“There’s got to be something better to do on a Saturday than this,” said a retired army veteran of the Iraq war who declined to give his name. “America is worth preserving.” Acknowledging that he would be a great army recruiter, the Jamaica-born resident of Columbus, GA continued, “I’ve seen some of the worst people become some of the best people in the military.” His U.S. citizenship application is awaiting review by the Immigration and Nationalization Service.

“This weekend, I want to see someone jump over the fence,” said Katie, a senior from Ursuline Academy in Springfield, IL, referring to the acts of civil disobedience conducted by some event participants.

“Half of the people of Columbus don’t understand what the protesters are doing; they think they’re protesting the military, but they isn’t protesting the military, they’re protesting training people to kill,” said Linda Simmons, a 37-year resident of Columbus, GA, whose husband is in the military. She’s selling “Proud to be an American” bumper stickers and water bottles this weekend and is happy for the annual vigil. “People are very respectful; they’re peaceful.” Besides, she says, “This event buys Christmas for my granddaughter.”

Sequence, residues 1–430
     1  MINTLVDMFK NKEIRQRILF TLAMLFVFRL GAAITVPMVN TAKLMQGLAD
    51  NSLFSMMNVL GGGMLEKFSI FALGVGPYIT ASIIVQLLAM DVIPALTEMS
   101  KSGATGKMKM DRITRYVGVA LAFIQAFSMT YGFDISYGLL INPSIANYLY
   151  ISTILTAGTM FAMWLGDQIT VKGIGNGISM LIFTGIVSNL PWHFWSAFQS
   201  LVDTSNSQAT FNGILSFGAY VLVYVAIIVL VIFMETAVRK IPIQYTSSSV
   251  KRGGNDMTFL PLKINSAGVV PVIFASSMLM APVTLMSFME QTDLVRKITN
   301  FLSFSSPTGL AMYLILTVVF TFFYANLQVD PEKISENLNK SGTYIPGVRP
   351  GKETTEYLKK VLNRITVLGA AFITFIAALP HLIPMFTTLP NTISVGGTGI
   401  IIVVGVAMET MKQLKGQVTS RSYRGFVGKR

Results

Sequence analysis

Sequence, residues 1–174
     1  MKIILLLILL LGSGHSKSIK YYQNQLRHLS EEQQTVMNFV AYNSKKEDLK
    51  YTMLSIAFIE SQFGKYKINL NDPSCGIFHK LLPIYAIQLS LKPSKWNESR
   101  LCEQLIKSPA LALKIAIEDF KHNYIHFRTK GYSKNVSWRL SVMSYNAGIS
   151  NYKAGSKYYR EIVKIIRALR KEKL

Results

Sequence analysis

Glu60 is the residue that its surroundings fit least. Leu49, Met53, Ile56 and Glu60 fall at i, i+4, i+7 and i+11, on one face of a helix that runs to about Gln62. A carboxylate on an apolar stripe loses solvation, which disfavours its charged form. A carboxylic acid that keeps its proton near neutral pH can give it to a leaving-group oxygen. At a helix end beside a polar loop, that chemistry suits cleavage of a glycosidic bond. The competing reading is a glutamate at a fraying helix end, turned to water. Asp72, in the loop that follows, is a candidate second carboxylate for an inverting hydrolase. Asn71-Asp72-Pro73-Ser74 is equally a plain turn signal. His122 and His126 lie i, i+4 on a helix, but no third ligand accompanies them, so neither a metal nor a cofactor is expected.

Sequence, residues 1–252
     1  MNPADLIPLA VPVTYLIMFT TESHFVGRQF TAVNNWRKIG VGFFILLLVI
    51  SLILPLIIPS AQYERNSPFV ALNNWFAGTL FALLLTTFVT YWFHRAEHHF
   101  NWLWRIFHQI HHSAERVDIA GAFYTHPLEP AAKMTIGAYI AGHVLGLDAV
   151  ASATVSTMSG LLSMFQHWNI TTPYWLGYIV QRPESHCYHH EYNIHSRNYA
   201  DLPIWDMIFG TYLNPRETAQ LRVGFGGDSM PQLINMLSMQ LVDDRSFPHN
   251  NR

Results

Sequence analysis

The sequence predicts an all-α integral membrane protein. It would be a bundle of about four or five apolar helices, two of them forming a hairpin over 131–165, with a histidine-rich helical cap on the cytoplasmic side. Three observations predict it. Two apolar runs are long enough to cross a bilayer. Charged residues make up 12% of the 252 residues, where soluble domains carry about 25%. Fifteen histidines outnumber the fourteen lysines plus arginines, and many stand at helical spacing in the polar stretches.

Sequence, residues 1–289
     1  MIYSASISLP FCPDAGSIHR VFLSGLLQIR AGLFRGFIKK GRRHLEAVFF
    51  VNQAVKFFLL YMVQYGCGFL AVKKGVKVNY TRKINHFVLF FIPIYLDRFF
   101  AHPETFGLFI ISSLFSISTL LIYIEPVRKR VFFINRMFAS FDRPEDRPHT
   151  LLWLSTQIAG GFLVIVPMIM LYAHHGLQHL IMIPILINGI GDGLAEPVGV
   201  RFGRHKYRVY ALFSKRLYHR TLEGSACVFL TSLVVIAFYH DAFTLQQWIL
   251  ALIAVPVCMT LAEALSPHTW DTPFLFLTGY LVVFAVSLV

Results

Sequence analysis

“I didn’t expect so many people bashing the President, saying ‘no war’ and stuff,” said a 17-year old senior from St. Joseph’s Academy in St. Louis. “I don’t think our government is intentionally sending these people out to kill and torture,” added one of her classmates. “I think [the problem] is bad communication from both sides, from both the military and the protesters.”

“It’s as much about connecting with people who care about things as it is about SOA,” said Jessica Kierson and Christine Novotny, high school students from St. Vider in Chicago.